Rabin's Formula for Peace

Israel's prime minister is preparing the nation to give up a large part of the Golan Heights for peace

AS the Israeli barrage of mortar fire began pounding the Hizbullah and the villages of southern Lebanon earlier last week, observers the world over repeatedly asked themselves, "Why this?" And more importantly, "Why now?"

One possible answer is, perhaps, unexpected: Israeli Prime Minister Yitzhak Rabin is preparing for peace; he is preparing the Israeli population to bite the bullet and to anticipate the loss of a substantial part of the Golan Heights in return for a treaty with Syria. Though the argument appears to be counter-intuitive, there are plenty of precedents in the region for such actions.

For example, nearly 20 years ago, on Oct. 6, 1973, Egyptian President Anwar Sadat launched an unanticipated offensive - the Yom Kippur/Ramadan war. The action was founded upon three primary objectives.

First, Mr. Sadat sought to show the Israelis that, despite the 1967 Six Day War debacle, Egypt was still the number one military power in the Arab world, ready and willing to face the Israelis against all odds.

Second, Sadat hoped through this attack to show the Arab world, and more importantly the Egyptian people, that Egypt could stand tall and proud in the face of Israeli military might, and that he was not reluctant to make war if conditions necessitated it.

A third objective was to cross the Suez Canal on Yom Kippur, the holiest day in the Jewish calendar, and catch the Israelis off guard.

Why pursue such a limited objective? Because Sadat knew it could be done. But more to the point, he knew that it was all he needed to do to accomplish his first two objectives. Thus, having made war in 1973, Sadat opened the door for making peace, beginning with his famous trip to Jerusalem in 1977. Only through making war could Sadat recapture the pride of the Arab world trampled upon in `67; only through making war could he begin the process of making a lasting peace with Egypt's greatest enemy.

Mr. Rabin's present situation at home is not unlike Sadat's position in the fall of 1973.

It is well known that Rabin's predecessor and 1992 election rival, Yitzhak Shamir, had no great intention of moving the peace process along, despite Israel's active participation in the October 1991 Madrid talks and those that took place thereafter under his reign. Rather, Mr. Shamir's Likud Party saw any ground-breaking agreements with the Palestinians or Arab states as first steps toward Israel's slow but sure weakening, and ultimate demise.

Therefore, Shamir sought to bide his time and remain obstinate by making clearly unacceptable demands, while continuing to actively settle the West Bank and Gaza Strip. But this kind of resistance to change was no longer seen as a viable approach by a majority of the Israeli population in the spring of 1992. Thus, Shamir's downfall and Rabin's ascent.

Rabin's primary commitment to the Israeli people was clear: to quickly end the intifadah, to end the ongoing terrorism against Israeli civilians, and to finally make peace with Israel's Arab neighbors.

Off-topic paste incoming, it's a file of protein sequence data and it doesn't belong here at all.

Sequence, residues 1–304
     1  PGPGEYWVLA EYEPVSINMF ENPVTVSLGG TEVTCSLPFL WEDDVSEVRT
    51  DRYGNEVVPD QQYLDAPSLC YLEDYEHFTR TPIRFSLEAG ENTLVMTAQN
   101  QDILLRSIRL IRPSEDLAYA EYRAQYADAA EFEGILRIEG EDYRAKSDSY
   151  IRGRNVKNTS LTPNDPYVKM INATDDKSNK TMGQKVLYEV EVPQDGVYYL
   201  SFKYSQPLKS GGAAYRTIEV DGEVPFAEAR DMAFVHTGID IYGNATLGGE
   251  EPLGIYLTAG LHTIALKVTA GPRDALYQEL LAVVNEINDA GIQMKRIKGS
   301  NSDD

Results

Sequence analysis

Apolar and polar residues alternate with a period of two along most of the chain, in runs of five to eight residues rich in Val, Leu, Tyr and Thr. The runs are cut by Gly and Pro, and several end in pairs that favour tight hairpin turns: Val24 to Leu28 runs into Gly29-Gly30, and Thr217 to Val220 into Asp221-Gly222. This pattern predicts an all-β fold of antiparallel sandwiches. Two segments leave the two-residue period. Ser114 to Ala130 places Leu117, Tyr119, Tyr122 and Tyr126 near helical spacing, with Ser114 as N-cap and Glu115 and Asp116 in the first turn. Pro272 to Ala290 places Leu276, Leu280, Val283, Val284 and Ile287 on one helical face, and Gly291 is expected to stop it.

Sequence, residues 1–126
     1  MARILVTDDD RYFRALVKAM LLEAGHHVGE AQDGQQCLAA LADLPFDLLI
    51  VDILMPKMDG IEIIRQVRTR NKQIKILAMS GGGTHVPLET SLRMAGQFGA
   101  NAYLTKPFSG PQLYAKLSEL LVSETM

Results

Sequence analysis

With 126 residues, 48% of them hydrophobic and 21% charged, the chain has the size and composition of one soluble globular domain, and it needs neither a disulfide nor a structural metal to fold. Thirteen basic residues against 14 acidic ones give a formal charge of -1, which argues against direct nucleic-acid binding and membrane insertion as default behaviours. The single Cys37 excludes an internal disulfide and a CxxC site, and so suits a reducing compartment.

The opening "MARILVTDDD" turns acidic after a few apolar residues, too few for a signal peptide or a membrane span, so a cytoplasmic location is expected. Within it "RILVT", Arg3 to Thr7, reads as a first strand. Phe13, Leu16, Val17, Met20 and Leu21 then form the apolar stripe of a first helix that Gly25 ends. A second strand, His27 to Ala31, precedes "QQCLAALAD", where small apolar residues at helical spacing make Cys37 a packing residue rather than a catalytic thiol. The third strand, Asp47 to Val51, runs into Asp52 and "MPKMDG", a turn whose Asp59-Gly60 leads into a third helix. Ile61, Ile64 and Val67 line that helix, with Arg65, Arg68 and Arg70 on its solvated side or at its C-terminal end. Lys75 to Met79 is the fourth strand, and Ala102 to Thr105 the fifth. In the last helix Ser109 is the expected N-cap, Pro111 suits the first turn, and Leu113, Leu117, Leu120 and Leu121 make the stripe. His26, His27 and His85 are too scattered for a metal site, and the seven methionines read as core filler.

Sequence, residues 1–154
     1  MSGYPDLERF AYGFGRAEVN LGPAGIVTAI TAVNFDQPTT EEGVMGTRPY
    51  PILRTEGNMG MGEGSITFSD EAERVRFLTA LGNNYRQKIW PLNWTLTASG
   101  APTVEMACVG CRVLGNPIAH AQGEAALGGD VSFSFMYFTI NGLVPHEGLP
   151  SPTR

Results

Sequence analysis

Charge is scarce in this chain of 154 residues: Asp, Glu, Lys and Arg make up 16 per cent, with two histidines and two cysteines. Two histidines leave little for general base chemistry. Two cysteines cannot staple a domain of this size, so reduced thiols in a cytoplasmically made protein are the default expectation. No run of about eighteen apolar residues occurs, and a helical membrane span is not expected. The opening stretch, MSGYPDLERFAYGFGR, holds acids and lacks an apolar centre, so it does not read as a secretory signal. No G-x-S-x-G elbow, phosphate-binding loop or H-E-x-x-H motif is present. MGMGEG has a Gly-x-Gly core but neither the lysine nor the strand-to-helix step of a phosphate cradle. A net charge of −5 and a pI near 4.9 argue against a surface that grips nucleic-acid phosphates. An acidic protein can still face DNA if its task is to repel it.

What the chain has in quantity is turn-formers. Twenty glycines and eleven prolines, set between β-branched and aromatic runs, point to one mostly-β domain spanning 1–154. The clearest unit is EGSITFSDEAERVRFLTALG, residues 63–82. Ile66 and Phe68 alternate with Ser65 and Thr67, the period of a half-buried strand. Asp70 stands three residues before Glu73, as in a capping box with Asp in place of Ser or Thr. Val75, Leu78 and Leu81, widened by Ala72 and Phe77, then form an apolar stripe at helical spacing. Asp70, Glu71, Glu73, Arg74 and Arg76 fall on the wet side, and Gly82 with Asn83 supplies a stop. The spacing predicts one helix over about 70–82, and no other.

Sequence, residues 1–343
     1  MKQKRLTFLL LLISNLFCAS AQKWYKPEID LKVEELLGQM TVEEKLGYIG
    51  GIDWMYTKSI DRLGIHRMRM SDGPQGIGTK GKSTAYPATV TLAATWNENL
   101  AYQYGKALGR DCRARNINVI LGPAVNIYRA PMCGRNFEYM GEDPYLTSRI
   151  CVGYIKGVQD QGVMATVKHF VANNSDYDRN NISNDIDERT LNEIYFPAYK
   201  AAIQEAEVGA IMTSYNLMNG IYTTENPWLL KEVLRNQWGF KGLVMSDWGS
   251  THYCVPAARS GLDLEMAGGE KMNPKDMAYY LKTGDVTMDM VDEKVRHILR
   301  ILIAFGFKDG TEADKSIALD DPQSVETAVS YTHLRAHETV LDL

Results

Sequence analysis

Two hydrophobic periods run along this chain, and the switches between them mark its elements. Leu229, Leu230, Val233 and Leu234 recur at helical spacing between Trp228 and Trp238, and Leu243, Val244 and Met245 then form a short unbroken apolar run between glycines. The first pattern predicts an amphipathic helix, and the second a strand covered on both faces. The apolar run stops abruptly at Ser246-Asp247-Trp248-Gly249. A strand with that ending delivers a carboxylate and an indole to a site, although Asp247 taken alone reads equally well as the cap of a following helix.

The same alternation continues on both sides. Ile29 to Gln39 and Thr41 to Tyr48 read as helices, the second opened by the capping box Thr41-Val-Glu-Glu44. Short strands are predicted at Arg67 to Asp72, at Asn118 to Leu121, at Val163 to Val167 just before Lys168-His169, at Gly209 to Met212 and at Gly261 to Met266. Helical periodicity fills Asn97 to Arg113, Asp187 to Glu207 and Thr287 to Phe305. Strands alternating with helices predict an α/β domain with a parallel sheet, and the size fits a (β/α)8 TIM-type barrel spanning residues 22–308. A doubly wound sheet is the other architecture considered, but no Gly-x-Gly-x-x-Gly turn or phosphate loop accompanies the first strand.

Yet, since the Labour government took office, little has changed. In some ways, things have in fact worsened.

Terrorism inside Israel is on the rise, and the peace talks appear to be going nowhere fast. It appears that Rabin's greatest strategic success was in closing off the territories, in effect reestablishing the Green Line of 1967 and appearing to concede to the will of intifadah activists.

Thus, over a year after he promised an end to the state of war that has pervaded his country since its inception, Rabin is now sending a message via the hated Hizbullah, both to the Arab world, as well as to his constituency. To the countries that neighbor Israel, Rabin is saying flatly, "We are willing and able to make war against our enemies whenever necessary. Don't underestimate us, or see our increasing flexibility at the negotiating table as a sign of weakness."

But to the Israeli people, he is saying more. Rabin is saying, in effect, "Look. See how the fighting with our neighbors will never end until we have peace, how ten years after Operation `Peace for the Galilee,' our northern border is still endangered.

But more importantly, see how the Syrians stay out of the present fray. They protect Lebanon, they own Lebanon, yet they stay out. Why? Because they love us? No, because they fear us. And when we return the Golan, they will still fear us, because they haven't forgotten what we can do. And we haven't forgotten that when our interests are at stake, we will protect them - at all costs."

Thus, when asked what the purpose was in undertaking this new initiative, one Israeli official answered somewhat ironically:

"We want [the villagers] to flee these villages and head straight to Beirut. There, they can go [to their leadership] and demand an end to this."

But the Israeli government's message isn't intended to be heard only in Beirut. It will be forwarded, not only on to the true government of Lebanon in Damascus, but throughout the Arab world. How this message is received in Tunis, Amman, and Cairo - not to mention on the streets of Tel Aviv, Jerusalem, Haifa, and Be'er Sheva - will likely dictate Rabin's next gambit: making peace.

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